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Indians urged to vote

Indian High Commissioner to Botswana Dr Rajesh Ranjan awarding one of participant at the Republic day celebration.PIC: MORERI SEJAKGOMO
The Indian High Commissioner, Rajesh Ranjan, says his countrymen have a responsibility to vote in the general election of the 17th Lok Sabha.

Addressing the Indian community in Botswana, Ranjan spoke on behalf of their President Shri Ram Nath Kovind, on the commemoration of the 70th Republic Day of India recently.  The High Commissioner said as they do every five years, voters would deliver their verdict and write their destiny. He explained that elections were not just a political exercise but that an election is a collective call to wisdom and to action. 

“It represents a renewal and a recommitment to the goals and hopes of a shared and egalitarian society. It represents the diverse and yet singular urges of the people and the Republic of India. This makes the very act of voting a sacred one. Please perform this act. Who the voter chooses to vote for is up to him or her, I would only request all eligible voters to go out and vote. Our country is at a key juncture. In some respects this is as critical and formative a period as the late 1940s and early 1950s. Decisions and actions of today will shape the India of the remainder of the 21st century. As such, this is not just a once-in-a-generation moment, it is a once-in-a-century moment,” he emphasised.

He reminded them that those elections were a milestone in the journey towards fulfilling the aspirations of their people and building a developed India. He said India was at the doorstep of eliminating extreme poverty for the first time in memory. Ranjan added that a programme of universal and equitable healthcare has begun. He also said that affordable medicines and medical devices and implants were becoming a reality

for more sections of their people saying a greater number of Indians than ever previously had access to proper housing, with modern sanitation and electricity.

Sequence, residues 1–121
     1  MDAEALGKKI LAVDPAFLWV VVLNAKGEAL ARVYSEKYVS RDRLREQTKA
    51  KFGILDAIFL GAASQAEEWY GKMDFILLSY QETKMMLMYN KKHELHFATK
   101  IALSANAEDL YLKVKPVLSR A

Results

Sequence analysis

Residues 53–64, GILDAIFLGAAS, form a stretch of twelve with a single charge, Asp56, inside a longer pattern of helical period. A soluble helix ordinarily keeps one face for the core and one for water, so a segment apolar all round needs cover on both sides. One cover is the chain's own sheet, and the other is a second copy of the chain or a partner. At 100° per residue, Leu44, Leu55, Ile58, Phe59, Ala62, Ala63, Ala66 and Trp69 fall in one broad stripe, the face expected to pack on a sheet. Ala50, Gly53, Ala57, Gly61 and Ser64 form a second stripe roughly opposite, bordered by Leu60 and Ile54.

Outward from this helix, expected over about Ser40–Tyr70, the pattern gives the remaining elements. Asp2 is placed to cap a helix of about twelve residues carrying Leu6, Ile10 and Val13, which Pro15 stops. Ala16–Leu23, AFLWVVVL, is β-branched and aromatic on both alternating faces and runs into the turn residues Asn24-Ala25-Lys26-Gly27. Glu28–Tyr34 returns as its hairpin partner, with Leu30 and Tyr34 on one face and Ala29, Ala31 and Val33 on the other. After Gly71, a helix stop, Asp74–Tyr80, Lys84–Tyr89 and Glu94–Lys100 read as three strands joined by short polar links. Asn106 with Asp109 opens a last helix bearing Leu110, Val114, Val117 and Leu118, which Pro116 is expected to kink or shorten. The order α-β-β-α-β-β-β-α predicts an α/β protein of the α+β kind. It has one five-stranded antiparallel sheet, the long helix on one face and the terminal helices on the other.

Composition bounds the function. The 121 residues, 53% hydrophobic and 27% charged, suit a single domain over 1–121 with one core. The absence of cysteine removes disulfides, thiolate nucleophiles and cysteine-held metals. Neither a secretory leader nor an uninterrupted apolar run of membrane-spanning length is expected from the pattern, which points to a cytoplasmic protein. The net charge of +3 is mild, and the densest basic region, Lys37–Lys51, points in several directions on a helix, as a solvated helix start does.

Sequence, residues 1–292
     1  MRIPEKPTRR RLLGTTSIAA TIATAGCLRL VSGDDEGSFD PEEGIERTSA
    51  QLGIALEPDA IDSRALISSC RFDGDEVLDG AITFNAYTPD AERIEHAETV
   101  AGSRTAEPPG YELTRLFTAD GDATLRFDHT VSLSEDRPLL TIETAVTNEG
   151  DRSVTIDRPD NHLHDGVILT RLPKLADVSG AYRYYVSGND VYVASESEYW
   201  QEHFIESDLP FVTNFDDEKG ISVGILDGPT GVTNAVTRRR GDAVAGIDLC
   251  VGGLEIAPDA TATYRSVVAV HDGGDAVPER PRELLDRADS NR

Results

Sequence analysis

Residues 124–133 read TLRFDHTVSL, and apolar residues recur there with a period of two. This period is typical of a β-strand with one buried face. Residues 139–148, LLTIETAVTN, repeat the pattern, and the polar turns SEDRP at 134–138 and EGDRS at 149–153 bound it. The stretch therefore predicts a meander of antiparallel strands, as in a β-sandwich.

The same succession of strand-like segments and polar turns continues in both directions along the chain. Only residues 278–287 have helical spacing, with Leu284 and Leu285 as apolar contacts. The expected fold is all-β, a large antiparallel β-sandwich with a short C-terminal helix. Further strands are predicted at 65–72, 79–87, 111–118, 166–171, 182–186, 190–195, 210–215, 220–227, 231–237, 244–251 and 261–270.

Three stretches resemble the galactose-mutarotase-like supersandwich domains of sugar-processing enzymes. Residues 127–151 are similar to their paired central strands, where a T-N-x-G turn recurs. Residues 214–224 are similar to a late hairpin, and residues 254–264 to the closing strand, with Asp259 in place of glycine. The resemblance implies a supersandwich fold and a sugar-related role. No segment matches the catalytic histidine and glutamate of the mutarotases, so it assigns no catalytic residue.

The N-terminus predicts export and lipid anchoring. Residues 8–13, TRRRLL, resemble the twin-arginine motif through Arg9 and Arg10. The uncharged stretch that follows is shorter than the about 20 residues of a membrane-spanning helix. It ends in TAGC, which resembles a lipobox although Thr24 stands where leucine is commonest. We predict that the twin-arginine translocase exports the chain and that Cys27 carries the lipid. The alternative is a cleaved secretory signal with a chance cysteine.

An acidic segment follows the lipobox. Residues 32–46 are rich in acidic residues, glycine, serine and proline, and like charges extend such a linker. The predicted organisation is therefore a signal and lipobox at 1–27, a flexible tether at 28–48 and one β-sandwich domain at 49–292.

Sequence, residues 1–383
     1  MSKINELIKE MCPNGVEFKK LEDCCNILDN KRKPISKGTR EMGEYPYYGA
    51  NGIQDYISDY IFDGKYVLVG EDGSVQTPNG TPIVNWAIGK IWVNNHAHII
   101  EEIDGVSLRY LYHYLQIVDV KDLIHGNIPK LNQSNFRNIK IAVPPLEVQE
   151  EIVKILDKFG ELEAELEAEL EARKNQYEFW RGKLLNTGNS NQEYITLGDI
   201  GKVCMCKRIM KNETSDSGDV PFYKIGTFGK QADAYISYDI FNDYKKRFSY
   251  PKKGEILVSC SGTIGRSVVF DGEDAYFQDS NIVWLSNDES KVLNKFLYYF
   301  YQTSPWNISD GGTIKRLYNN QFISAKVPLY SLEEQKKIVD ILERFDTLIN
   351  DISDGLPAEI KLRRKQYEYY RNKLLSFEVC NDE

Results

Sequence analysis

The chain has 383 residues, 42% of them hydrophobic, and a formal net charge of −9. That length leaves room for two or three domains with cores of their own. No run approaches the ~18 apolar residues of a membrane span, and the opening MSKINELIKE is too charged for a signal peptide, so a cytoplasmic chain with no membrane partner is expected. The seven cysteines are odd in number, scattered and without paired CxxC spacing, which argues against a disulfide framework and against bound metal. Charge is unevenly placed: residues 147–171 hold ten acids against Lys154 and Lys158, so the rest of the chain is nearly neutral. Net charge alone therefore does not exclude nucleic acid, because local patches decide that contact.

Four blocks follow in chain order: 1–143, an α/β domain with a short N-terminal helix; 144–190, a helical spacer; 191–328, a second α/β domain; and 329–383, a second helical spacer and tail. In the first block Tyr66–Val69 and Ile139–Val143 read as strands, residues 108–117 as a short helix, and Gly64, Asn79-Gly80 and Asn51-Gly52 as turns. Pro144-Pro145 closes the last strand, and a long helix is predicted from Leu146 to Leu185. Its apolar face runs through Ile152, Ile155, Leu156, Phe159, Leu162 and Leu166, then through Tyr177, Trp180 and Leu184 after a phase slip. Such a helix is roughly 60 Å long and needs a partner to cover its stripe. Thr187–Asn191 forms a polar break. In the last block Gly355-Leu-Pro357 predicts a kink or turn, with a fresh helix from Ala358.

The high commissioner also told the gathering that in the form of ports and inland waterways, upgraded railways and new metro services, national highways and rural roads, cost-effective air services to the interiors of India, and of course the surge in mobile phones and data access, his country made progress as it brought them together as never before. 

He said leapfrogging technologies and leapfrogging enlightenment were empowering their farmers and equipping their soldiers.  He explained that they were enabling their traditionally deprived fellow citizens and educating their daughters and sons. 

“They are exciting the entrepreneurial energies and the infectious start-up culture that has made our younger generation and our India the focus of world attention and admiration. This is more so in the perception of senior generations that have lived through and strived to overcome the shortage economy. In area after area, commodity after commodity, we have converted difficulty into availability. We have done this step-by-step and year-by-year. And yet whether in food grains or LPG cylinders, telephone connections or even the ability to get a passport, change is apparent and change is visible. In many cases, technology has been a force multiplier. And in all cases, inclusiveness has been a moral multiplier.” 

“Our Republic’s vision is that of reaching democratic goals by democratic means, pluralistic goals by pluralistic means, enlightened goals by enlightened means, inclusive goals by inclusive means, compassionate goals by compassionate means and constitutional goals by constitutional means,” he said.




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